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I'm in a situation at work where I have to transfer responsibility of a large code base that I inherited, re-factored and enhanced to another developer. This is the first time that I have to do such a thing and although I always thought it would be trivial the actual steps I have to follow seem vague.

The code base I maintain is a module that includes a lot of stuff such as

  • A persistence layer
  • A service layer
  • A presentation layer which sadly has a lots of business code in it
  • An interface for module interaction

I also have very good knowledge of the business assumptions made when it was developed as well as its technical foundation.

I know that I can go with my mind's flow and give it my best but I prefer to do it in the most professional manner I can. So, I would like to ask you for advice on how I should approach this situation. Are there any standard procedures and good practices that I could follow?

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marked as duplicate by gnat, GlenH7, Dan Pichelman, Ampt, Bart van Ingen Schenau Jul 2 at 16:51

This question has been asked before and already has an answer. If those answers do not fully address your question, please ask a new question.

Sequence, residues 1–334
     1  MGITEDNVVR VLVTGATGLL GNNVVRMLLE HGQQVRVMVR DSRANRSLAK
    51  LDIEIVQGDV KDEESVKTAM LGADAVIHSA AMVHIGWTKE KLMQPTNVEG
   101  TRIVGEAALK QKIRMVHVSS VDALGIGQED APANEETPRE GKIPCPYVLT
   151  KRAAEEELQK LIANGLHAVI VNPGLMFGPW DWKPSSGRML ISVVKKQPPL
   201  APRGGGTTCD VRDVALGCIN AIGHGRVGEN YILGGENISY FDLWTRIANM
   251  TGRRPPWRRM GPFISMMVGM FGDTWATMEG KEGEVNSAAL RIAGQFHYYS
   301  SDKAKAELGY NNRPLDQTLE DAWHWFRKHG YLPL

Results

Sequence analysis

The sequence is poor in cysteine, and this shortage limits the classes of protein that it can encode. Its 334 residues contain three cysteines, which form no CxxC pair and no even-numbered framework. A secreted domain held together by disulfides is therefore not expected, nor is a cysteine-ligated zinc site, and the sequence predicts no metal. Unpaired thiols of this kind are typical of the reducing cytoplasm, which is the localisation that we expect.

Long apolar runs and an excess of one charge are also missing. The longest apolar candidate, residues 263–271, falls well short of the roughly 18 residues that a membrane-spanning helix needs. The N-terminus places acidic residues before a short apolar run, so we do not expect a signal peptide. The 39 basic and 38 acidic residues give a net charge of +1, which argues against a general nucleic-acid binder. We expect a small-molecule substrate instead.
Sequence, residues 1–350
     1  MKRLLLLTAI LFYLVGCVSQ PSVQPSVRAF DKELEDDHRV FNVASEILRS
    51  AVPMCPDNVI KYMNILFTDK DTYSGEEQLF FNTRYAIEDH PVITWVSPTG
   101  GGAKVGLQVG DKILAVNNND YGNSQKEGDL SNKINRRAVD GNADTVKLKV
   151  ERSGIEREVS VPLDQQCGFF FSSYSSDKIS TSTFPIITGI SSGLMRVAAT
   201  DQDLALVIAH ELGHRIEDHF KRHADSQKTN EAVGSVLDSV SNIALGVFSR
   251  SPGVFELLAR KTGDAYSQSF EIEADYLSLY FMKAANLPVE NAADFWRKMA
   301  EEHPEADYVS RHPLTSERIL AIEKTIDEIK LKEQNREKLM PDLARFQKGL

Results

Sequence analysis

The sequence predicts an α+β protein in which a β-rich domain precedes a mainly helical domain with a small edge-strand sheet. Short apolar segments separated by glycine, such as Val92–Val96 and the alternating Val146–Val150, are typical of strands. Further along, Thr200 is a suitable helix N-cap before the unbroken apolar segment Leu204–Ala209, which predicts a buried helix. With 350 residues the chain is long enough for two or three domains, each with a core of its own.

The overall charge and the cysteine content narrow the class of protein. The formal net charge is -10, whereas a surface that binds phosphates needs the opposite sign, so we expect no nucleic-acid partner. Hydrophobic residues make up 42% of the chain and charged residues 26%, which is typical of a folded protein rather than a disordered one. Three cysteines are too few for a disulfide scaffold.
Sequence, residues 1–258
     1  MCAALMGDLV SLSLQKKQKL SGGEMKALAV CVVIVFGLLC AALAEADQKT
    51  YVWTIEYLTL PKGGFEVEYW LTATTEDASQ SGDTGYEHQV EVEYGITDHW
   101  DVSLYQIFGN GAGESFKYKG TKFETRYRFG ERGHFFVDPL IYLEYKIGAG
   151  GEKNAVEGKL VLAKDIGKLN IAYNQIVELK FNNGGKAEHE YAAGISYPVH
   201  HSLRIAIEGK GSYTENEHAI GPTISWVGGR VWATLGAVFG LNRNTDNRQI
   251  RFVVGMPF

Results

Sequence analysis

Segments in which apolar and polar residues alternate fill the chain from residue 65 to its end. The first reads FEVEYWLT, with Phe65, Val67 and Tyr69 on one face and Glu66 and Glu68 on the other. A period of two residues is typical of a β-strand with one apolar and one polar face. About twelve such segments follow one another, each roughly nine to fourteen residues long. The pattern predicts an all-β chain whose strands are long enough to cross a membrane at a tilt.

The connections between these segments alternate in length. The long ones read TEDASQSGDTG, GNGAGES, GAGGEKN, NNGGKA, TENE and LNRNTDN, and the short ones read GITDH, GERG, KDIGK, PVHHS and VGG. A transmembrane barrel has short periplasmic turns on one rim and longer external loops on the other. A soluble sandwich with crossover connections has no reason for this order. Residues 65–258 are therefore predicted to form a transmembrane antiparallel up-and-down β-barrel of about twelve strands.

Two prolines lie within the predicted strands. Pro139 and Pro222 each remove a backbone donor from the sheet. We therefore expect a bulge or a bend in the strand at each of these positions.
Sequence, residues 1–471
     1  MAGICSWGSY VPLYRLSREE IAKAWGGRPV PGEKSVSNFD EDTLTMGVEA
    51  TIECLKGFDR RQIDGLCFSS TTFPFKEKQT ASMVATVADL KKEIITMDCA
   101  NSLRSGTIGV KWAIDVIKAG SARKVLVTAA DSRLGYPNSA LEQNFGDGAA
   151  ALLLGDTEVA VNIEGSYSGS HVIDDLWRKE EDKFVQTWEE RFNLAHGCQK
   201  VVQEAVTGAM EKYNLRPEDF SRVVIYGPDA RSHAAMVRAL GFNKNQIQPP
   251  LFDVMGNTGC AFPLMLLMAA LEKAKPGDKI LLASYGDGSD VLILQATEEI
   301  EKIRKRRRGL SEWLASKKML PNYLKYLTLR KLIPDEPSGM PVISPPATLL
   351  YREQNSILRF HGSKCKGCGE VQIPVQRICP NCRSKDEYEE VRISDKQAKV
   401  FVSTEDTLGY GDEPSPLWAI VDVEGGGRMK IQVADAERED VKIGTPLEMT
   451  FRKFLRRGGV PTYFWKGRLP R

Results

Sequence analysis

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When you say "the actual steps I have to do seem vague" are you referring to something specific? I didn't see actual steps listed in the question. Or do you mean you only have a vague idea yourself of what to do. It's not entirely clear from the question. Clarification will probably improve answers. –  Michael Durrant Jul 2 at 12:28

1 Answer 1

Transferring responsibility for a code base is not that different from getting another developer assigned to your team, working together for some time and then leaving the team yourself. The biggest difference would be in the time that you work together, which is likely to be very short to non-existent when talking about a transfer.

When preparing the code base (and everything around it) for the transfer, picture in your mind how you would like to find the project if you come fresh to it and try to put the project in that state. That typically means:

  • The design is documented, if possible with reasons why the design is as it is and why the alternatives don't work
  • The business assumptions are documented
  • If there are any project accounts, their login details are available

Depending on the reasons for the code transfer, it might be expected or create goodwill to be available after the transfer to answer questions from the new guy.

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